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Some countries, such as Singapore and Taiwan, are still closed to everyone but residents. If you need to get back into the country, you may have to ask your company to approve your visit, and you’ll need to follow Covid-19 criteria (PCR test, 14-day quarantine, and travel insurance that covers the pandemic). The USA is still restricting travel entirely to anyone from the UK.

The UK itself is still operating its traffic light system. Be aware that the different countries of the UK have different regulations. British and Irish citizens can travel between Eire and Northern Ireland, as long as they can prove their vaccination status.

Our advice remains the same: check the regulations in your destination carefully, and make sure you check them up to the point of travel, in case they change.

 

Covid-19 insurance for cruises

If you’re intending to go on a cruise, travel experts counsel taking out insurance that covers Covid-19 – for obvious reasons, since some ships became floating plague palaces during the pandemic, and a lot of people lost out on planned cruises. P&O and Cunard both ask that passengers take out travel insurance that covers them against Covid-related emergencies and repatriation for up to £2 million. Some insurance companies are also offering money off PCR tests, so shop around and see what your new policy entitles you to.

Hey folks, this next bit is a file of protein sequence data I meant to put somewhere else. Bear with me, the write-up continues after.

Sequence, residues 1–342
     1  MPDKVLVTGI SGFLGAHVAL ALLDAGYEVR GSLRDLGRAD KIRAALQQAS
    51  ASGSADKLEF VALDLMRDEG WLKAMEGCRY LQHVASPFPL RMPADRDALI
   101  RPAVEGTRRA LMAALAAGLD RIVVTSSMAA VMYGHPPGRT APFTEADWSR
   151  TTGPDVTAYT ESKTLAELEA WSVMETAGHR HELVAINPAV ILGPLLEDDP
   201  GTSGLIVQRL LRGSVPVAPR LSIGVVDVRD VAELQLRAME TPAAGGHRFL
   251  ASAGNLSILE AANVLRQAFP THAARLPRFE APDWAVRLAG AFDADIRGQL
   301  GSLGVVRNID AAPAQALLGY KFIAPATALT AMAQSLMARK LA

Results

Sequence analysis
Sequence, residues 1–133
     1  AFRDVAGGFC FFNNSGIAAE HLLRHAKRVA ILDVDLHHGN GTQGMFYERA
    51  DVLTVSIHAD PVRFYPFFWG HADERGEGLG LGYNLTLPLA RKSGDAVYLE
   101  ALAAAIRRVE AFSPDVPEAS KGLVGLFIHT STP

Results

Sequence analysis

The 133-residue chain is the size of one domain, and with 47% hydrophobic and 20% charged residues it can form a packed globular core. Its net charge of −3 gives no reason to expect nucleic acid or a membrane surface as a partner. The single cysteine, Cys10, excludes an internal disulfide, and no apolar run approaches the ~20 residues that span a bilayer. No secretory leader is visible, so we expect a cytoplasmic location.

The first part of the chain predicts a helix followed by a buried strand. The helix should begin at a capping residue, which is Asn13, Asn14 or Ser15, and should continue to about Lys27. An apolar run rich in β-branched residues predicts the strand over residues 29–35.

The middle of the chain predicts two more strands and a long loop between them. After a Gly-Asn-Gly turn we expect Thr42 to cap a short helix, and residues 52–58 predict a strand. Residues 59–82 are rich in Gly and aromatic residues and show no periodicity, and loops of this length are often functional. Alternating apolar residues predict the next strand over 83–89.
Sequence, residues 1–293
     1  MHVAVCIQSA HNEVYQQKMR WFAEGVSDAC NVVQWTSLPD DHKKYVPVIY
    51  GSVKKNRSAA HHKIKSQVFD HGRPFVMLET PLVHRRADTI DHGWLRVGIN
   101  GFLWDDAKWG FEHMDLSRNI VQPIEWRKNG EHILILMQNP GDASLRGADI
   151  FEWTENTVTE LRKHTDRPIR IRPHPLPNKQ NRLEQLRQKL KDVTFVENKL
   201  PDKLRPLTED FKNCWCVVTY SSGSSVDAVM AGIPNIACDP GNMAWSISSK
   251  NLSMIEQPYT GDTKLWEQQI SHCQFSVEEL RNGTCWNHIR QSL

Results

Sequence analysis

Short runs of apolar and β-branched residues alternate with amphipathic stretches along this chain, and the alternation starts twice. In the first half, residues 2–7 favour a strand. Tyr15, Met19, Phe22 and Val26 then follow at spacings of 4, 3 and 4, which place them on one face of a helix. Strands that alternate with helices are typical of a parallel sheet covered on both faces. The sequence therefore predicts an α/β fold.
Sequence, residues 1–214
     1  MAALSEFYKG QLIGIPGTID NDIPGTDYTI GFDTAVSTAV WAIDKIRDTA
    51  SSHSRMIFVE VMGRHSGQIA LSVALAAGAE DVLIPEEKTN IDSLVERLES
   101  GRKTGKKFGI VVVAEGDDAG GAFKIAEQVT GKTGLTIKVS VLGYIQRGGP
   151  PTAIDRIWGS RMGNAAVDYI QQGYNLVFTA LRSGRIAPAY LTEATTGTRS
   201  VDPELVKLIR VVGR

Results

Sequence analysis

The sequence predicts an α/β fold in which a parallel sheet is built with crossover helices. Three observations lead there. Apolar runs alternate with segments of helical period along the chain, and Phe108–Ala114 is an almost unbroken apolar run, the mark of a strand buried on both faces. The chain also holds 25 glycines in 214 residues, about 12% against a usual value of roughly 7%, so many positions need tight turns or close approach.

It’s worth considering specific cruise insurance, even without the complications of a pandemic, as this can cover you for things that are particular to your holiday, such as missing ports or transport from the boat to the shore in the case of illness. Some policies will allow you to claim travel and accommodation costs if you are delayed on shore because of illness and have to catch up with the cruise at a later stop, for example.

 

Singapore rebrands post-pandemic